Fast-food chains feel need to get real (AP photo / Thinkstock)
Fast-food chains feel need to get real
Lexile

Fast-food chains have a New Year's resolution: Drop the junk.

Customers don't want food they think is overly processed. McDonald's, Taco Bell and other chains are trying to shed their reputation for serving meals that are loaded with chemicals.

"This demand for fresh and real is on the rise," said Greg Creed, CEO of Yum Brands. The company owns Taco Bell, KFC and Pizza Hut.

Creed said the company needs to be more transparent about ingredients and use fewer preservatives.

Recasting fast-food as "fresh" and "real" will be tricky. That is in large part because it's so universally regarded as cheap and greasy. Another problem is that terms like "fresh," ''real" and "healthy" have different meanings to different people.

Some companies are purging recipes of chemicals people might find unappetizing. PepsiCo, for instance, said it would remove brominated vegetable oil from Gatorade. The move came after a petition by a teenager. It complained the substance isn't approved for use in some markets overseas.

And fast-food chains are indicating they want to jump on the "clean label" trend too:

McDonald's USA President Mike Andres said to expect some changes in early 2015. The remarks came after the company reported a 4.6 percent decline in U.S. sales for November.

"Why do we need to have preservatives in our food?" Andres asked, noting McDonald's restaurants go through supplies quickly. "We probably don't."

Subway has new TV ads. They say its new chicken strips are free of artificial preservatives and flavors.

Chick-fil-A said in 2013 it would remove high-fructose corn syrup from buns and artificial dyes from its dressings. A couple months later, it said it planned to serve only chicken raised without antibiotics within five years.

Carl's Jr. last month introduced an "all-natural" burger with no added hormones, antibiotics or steroids.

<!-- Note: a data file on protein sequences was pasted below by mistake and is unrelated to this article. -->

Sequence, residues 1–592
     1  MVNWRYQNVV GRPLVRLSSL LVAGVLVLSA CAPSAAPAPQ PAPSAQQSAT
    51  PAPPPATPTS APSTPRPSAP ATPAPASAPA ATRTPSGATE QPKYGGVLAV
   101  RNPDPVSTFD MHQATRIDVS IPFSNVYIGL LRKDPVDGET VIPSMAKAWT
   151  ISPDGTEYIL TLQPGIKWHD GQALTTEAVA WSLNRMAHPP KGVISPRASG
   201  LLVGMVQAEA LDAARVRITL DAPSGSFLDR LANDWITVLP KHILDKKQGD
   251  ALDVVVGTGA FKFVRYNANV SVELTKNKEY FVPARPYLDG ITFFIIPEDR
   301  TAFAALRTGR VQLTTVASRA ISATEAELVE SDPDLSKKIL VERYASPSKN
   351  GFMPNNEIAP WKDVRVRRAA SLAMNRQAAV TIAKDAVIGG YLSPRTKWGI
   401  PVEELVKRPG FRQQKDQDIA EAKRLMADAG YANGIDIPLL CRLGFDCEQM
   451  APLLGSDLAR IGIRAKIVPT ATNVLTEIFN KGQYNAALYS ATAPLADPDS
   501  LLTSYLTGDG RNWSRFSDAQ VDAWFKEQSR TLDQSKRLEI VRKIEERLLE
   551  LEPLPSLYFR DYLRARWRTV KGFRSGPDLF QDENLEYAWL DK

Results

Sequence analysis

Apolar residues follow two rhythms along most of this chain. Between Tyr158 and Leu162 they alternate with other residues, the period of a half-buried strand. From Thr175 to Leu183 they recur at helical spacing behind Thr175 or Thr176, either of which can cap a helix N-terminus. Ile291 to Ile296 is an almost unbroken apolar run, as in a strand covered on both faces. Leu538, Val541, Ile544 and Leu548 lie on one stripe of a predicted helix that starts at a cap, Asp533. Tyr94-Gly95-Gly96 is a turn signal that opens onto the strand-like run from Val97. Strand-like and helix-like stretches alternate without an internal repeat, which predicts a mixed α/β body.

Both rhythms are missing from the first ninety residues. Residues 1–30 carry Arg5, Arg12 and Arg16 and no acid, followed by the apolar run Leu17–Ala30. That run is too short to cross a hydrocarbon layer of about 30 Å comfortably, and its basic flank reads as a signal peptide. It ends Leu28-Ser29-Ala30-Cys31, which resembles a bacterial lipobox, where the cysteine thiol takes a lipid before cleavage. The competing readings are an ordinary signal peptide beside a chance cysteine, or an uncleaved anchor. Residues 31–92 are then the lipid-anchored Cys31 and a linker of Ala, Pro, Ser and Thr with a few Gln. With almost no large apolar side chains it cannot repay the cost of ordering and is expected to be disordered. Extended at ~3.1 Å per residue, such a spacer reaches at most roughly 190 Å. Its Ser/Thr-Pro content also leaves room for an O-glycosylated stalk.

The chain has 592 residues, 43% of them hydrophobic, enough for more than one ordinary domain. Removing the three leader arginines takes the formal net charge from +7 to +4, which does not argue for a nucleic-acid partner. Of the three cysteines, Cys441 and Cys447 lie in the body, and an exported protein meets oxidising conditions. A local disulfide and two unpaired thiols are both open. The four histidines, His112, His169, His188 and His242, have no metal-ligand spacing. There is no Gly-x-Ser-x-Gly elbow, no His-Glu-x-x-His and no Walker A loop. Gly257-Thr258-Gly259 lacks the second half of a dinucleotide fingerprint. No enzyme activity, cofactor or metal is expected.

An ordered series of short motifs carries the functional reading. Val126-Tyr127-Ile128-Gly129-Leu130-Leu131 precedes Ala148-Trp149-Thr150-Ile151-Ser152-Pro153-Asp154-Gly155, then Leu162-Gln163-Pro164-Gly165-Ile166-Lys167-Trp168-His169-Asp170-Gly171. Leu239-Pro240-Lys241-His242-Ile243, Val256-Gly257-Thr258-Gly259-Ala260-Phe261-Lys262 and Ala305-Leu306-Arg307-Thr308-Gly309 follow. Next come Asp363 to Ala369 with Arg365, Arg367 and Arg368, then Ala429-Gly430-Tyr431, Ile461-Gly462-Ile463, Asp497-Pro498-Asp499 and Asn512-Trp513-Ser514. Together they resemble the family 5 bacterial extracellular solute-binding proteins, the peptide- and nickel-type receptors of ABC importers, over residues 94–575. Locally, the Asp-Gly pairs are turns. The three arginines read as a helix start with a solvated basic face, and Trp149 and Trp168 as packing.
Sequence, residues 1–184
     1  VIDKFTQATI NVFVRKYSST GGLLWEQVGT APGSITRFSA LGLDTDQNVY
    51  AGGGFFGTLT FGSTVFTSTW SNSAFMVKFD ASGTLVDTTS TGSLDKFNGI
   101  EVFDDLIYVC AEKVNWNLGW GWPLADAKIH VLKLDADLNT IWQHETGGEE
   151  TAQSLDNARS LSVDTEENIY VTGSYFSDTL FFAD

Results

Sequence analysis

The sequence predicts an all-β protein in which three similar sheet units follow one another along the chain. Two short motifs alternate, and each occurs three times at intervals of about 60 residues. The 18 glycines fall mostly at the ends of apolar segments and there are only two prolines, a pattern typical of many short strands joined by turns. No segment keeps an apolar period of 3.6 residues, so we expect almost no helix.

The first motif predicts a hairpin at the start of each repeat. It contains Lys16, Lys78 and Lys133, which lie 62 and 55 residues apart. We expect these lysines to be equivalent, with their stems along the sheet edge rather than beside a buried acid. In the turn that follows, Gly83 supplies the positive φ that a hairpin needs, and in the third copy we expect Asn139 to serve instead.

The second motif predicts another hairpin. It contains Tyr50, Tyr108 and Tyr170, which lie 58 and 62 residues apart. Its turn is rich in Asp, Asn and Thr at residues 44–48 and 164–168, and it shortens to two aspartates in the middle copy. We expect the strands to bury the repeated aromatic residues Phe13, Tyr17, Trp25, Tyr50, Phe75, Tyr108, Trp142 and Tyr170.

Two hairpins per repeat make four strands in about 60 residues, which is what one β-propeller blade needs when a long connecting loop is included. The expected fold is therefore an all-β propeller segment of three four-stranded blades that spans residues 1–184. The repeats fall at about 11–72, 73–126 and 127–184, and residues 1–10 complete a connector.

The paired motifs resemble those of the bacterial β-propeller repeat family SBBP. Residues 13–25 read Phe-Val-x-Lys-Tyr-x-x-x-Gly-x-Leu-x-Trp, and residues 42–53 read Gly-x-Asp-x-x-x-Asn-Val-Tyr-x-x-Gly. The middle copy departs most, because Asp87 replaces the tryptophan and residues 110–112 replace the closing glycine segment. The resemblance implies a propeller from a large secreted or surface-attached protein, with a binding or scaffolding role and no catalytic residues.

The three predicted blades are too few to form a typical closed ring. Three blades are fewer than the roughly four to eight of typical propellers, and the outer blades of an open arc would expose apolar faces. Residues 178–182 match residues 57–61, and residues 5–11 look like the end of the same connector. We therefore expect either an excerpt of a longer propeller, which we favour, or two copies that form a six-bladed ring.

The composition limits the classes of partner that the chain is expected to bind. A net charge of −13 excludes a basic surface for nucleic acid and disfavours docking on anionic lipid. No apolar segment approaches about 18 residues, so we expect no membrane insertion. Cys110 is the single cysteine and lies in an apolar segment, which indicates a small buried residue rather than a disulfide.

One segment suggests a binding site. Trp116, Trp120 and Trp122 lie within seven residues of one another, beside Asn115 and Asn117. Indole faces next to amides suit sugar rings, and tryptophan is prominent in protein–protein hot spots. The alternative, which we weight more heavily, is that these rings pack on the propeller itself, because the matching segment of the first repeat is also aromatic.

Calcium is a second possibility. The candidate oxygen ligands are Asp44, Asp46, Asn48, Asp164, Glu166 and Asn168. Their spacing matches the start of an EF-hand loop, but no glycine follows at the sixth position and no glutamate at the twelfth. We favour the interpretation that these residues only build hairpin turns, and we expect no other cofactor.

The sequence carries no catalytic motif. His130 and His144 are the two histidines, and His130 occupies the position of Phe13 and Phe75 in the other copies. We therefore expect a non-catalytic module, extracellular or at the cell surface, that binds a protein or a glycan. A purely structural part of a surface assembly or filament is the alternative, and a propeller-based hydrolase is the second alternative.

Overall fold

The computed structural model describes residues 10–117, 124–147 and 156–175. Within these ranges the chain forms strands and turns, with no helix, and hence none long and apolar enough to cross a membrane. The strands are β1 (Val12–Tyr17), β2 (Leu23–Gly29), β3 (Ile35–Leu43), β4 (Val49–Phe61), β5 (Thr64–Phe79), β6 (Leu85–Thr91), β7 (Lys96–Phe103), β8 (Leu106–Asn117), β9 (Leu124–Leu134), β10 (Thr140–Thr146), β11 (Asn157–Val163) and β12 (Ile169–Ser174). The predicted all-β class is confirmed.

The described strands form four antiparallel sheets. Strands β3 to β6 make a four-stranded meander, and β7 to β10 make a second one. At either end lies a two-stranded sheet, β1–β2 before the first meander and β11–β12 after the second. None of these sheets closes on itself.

It's not clear how far fast-food companies will go in reformulating recipes. But the nation's biggest chains are facing growing competition. In the latest quarter, customer visits to traditional fast-food hamburger chains declined 3 percent from a year ago, according to market researcher NPD Group. Fast-casual chains which are seen as a step up from traditional fast-food saw visits rise 8 percent.

Part of the appeal of fast-casual chains is that they position themselves as being higher in quality. Chipotle, which touts its use of organic ingredients and meat from animals that were raised without antibiotics, said sales at established locations surged 19.8 percent in the most recent quarter. And Panera vowed this summer to remove artificial colors, flavors and preservatives from its food by 2016.

Michael Jacobson, executive director of the Center for Science in the Public Interest, said there are likely many cases where artificial preservatives or colors could be replaced with natural alternatives without significant costs. Since their functions vary, he said companies would have to evaluate recipes product by product.

Michele Simon, a public health lawyer and author of "Appetite for Profit: How the Food Industry Undermines our Health and How to Fight Back," also said getting rid of additives here and there won't be enough to change the way people think about fast-food.

Critical thinking challenge: If artificial ingredients cost more than natural ingredients, why would fast food companies remove the artificial ingredients?

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